The witch-hunt metaphor

In 1994, the UK media abounded with tales of families that had been destroyed by brainwashed daughters. There were frequent references to Salem and witch-hunting.

In 2015, the UK media abounds with articles about celebrities and politicians being falsely accused. There are frequent references to Salem and witch-hunting.

It has been whispered that we are living in The Crucible. A dank, wild-eyed, black-hatted Salem. A moment of mass witch hunt seeping out of that formless knot of fear that so many people carry in their guts, spread by catharsis in these frightening times. Vanity fair.Feb 2013

What happened in Salem?

Why do sexual abuse deniers keep waffling on about it?

If they are going to use the witch-hunting metaphor  why at least don’t they refer to witch-hunting in Europe? What was so special about the 17th century colony in Massachusetts that it has immediate parallels with the trafficking of teenage boys from Welsh children’s homes in the 1980’s?

The answer seems to be partly because:

  • Abuse deniers in the UK just copied the analogy from the the false memory movement in the USA.

  • The remembrance of the Salem “witches” can be made to fit  any group of people who feel that they are hard done by.

So who were the people in Salem who were accused of witchcraft?, How have they been remembered at different times since then?


The first person to be accused of “witchcraft” in Salem was a woman called Tituba.. Her heritage is unclear because historical documents didn’t bother to document it. She may have had Native American or African heritage. Documents show that she a was slave housekeeper to a white family and that she had moved with them from Barbados to Salem. In Barbados racism was connected to commerce. In Salem it had more to do with ideology.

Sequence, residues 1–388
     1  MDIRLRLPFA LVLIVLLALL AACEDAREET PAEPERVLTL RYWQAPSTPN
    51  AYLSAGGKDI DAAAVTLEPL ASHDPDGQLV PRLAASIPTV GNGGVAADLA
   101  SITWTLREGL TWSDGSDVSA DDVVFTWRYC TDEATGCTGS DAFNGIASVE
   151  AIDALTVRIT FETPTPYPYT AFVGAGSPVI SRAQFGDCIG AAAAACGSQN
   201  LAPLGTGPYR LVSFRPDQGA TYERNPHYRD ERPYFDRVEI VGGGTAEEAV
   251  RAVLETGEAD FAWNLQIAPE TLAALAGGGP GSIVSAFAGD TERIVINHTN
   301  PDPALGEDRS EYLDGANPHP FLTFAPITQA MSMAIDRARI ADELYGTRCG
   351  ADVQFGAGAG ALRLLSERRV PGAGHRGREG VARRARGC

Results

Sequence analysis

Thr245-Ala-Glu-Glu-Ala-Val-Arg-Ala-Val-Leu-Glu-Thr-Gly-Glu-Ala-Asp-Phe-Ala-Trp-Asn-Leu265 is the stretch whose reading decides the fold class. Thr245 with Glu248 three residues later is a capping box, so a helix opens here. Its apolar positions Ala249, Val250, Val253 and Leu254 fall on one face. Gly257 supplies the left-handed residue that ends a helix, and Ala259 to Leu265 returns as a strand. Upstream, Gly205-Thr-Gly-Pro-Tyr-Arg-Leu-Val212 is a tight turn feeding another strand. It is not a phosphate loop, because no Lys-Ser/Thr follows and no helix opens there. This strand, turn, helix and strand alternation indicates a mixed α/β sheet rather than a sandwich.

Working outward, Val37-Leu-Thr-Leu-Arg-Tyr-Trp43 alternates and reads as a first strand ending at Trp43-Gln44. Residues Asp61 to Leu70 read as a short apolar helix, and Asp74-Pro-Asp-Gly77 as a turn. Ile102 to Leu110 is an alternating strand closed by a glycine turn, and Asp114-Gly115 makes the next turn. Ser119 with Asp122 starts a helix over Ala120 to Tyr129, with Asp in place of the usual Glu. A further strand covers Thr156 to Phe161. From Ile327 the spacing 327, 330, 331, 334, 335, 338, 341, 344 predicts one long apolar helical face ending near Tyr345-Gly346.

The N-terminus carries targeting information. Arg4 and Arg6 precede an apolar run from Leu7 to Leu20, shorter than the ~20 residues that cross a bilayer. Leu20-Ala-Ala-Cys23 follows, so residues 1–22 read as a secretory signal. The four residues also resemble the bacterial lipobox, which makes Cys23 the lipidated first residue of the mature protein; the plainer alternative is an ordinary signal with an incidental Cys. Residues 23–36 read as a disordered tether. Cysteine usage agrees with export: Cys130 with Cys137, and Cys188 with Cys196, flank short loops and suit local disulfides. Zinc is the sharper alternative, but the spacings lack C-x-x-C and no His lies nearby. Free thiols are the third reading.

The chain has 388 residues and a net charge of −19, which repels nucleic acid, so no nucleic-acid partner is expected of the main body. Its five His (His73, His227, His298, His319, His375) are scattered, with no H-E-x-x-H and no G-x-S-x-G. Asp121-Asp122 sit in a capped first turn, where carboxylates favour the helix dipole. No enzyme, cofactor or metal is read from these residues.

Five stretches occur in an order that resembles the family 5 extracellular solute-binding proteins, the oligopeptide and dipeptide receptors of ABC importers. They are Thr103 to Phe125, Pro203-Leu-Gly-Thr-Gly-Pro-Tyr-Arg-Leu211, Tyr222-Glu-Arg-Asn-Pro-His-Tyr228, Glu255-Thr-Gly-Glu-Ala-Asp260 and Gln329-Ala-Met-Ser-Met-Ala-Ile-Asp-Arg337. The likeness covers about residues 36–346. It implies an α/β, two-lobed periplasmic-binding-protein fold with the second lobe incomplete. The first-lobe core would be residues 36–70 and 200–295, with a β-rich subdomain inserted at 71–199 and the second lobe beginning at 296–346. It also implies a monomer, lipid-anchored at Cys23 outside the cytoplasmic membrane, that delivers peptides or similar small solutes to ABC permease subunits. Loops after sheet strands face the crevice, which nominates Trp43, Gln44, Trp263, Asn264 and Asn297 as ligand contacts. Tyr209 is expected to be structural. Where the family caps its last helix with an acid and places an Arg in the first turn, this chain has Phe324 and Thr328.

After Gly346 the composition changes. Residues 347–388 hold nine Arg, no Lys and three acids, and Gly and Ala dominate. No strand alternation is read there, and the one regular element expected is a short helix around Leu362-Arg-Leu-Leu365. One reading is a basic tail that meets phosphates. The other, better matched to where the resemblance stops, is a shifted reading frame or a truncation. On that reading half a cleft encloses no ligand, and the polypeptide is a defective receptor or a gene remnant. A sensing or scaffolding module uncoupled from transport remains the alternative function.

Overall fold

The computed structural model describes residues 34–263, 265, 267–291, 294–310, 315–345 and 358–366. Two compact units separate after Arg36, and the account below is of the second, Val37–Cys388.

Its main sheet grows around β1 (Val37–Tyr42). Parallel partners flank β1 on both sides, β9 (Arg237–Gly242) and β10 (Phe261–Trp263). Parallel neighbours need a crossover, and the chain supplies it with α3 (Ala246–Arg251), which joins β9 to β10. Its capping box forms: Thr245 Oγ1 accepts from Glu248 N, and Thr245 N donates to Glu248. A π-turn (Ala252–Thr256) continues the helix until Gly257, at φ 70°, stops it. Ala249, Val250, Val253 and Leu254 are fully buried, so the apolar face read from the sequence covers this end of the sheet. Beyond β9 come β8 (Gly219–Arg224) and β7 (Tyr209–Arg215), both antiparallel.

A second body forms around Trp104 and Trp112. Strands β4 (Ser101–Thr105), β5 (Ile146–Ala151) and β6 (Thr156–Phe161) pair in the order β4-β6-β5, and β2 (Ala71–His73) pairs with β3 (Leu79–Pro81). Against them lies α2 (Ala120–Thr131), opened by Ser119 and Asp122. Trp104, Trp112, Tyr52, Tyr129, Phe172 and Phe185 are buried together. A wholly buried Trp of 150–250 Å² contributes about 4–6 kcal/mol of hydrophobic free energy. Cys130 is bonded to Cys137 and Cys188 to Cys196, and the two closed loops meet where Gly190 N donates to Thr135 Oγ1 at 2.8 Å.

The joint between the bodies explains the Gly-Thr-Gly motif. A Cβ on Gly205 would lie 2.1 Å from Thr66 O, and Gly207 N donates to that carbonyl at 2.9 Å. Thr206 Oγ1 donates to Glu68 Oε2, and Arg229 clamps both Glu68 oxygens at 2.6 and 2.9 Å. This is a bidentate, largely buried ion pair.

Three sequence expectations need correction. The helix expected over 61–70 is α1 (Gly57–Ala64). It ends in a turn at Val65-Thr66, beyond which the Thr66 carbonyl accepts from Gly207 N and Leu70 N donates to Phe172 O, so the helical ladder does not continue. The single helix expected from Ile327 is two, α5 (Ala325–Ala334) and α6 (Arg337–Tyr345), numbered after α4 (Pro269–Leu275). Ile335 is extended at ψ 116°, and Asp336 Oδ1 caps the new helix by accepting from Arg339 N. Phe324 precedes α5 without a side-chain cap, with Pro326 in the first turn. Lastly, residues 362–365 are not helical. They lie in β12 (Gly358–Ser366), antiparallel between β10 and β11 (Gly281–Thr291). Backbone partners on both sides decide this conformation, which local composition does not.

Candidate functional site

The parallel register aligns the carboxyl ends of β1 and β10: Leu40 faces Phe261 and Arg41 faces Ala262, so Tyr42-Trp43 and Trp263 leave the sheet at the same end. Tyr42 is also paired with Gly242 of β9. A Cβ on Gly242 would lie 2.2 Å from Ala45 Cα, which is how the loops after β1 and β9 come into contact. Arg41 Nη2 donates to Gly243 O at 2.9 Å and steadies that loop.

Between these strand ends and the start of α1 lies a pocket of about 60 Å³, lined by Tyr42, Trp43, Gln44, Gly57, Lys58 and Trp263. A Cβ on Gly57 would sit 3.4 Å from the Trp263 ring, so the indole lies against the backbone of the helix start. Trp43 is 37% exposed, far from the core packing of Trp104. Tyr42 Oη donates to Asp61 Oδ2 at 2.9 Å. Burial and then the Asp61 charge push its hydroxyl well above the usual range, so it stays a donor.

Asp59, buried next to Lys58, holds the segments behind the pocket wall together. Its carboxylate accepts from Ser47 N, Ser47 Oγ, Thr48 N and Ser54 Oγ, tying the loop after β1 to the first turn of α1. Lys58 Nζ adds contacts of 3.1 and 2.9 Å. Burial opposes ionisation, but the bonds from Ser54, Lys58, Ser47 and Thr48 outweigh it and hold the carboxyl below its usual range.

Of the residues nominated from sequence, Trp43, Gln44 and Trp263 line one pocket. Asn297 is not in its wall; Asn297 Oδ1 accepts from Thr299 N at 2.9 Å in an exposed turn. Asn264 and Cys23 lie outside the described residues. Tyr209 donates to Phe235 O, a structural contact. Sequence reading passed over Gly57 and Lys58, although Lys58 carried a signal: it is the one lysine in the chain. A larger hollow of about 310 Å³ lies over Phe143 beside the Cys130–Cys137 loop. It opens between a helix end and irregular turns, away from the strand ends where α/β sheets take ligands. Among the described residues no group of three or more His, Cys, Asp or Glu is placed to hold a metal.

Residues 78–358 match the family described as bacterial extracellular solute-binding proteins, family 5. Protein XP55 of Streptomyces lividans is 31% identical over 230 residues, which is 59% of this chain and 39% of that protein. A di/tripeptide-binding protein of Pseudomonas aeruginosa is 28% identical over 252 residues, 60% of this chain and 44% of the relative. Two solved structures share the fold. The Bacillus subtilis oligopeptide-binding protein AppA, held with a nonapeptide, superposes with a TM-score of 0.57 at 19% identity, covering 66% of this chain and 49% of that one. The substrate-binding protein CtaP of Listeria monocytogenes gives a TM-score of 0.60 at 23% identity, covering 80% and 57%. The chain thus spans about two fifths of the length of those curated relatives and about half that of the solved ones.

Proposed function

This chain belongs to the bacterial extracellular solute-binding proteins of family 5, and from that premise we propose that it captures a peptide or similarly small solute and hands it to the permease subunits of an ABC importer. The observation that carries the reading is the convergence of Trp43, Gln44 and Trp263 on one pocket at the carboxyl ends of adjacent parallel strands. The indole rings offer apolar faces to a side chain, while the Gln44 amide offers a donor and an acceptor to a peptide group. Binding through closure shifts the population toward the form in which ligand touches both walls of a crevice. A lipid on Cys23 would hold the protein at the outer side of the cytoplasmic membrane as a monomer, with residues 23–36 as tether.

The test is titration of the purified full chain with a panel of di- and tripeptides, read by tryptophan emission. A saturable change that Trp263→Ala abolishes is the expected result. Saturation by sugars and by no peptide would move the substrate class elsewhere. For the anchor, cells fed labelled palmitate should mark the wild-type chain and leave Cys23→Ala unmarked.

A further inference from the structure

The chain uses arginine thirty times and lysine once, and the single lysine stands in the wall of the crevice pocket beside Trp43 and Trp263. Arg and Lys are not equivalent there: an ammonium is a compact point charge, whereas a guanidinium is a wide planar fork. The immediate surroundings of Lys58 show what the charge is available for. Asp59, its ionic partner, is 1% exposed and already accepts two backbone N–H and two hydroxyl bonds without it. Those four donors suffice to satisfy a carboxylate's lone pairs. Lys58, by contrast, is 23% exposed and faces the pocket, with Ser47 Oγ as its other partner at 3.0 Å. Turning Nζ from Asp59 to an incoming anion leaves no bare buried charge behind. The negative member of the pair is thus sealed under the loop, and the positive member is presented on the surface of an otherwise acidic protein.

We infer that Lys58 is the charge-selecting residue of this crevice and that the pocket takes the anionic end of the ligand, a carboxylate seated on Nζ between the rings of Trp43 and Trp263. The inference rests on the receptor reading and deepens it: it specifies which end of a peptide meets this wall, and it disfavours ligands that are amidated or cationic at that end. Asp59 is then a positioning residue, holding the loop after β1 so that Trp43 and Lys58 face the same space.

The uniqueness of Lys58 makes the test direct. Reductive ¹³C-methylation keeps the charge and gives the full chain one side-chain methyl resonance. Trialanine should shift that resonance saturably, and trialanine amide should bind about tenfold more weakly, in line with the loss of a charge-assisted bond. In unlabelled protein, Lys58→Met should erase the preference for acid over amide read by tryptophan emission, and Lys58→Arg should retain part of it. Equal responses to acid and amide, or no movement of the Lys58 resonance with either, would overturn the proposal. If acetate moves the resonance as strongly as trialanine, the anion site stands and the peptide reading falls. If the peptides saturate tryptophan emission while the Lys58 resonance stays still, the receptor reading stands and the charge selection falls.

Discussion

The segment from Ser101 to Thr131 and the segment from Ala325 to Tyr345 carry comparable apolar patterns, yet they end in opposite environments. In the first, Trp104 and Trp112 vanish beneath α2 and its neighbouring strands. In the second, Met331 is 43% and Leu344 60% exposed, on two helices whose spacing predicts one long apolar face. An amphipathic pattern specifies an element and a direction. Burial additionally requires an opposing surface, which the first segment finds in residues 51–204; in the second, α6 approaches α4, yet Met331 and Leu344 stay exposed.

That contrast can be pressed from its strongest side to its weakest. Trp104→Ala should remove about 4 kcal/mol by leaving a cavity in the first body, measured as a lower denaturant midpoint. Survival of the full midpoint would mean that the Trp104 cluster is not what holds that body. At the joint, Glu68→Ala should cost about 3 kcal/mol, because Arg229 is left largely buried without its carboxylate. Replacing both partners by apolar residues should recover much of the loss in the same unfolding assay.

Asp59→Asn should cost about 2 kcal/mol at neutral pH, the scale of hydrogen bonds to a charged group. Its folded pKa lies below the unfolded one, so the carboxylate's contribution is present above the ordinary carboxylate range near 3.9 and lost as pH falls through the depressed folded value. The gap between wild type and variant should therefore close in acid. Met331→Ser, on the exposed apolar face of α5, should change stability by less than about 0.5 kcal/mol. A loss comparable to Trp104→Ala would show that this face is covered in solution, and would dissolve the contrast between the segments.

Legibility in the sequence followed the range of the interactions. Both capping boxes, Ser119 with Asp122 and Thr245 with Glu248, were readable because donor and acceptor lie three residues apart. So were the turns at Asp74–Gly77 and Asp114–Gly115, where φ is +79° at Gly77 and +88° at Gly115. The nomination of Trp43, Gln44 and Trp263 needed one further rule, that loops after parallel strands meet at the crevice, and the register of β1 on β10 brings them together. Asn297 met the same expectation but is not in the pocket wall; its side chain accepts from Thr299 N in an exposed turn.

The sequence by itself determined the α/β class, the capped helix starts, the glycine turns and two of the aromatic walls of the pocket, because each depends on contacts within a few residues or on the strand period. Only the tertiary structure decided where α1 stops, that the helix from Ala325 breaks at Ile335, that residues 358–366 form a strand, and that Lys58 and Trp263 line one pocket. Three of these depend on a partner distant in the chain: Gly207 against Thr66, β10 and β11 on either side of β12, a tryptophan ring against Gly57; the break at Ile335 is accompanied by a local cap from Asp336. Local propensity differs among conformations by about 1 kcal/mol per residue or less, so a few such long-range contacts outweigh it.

Below is an illustration from a nineteenth century children’s book which depicts Tituba frightening white children.

The slave housekeeper Tituba frightening children. 19th children’s illustration by Fredericks

During the Enlightenment the memory of the witch trials became one of the battle of Reason over superstition. Reason won. But even in the non-slave states of the USA it was a bit problematic to depict Reason as a black woman. So she became a white sort of Statue of Liberty type muse.

The Examination of a witch. T.H Matteson. 1853_edited
The Examination of a witch. T.H Matteson. 1853

In the 1990’s a doctor called Paul McHugh became one of the founders of the false memory movement in the USA. McHugh has also been active in campaigns against abortion, gay and transgender rights. He has written that people who identify themselves as transgender are actually suffering from a personality disorder.

This is rather ironic – because he seems to have been one of the people responsible for transforming the image of  the accused Salem witch from female to male.

Update Nov 2015

The NSPCC is also making use of the witch-hunt metaphor by hosting a public debate about the supposed existence of a witch-hunt in 2015.

The speakers for this debate are the journalist David Aaronovitch and the .policeman Peter Spindler

It is a pity they don’t also include an expert on language who can examine the witch-hunt metaphor. As it is they are likely to debate back and forth about the existence of witch-hunts without an examination of the word they are using.

In my opinion a panel discussion would have been more useful than a two-sided debate.

Further reading

Please see Ross Cheit’s book The Witch-hunt Narrative

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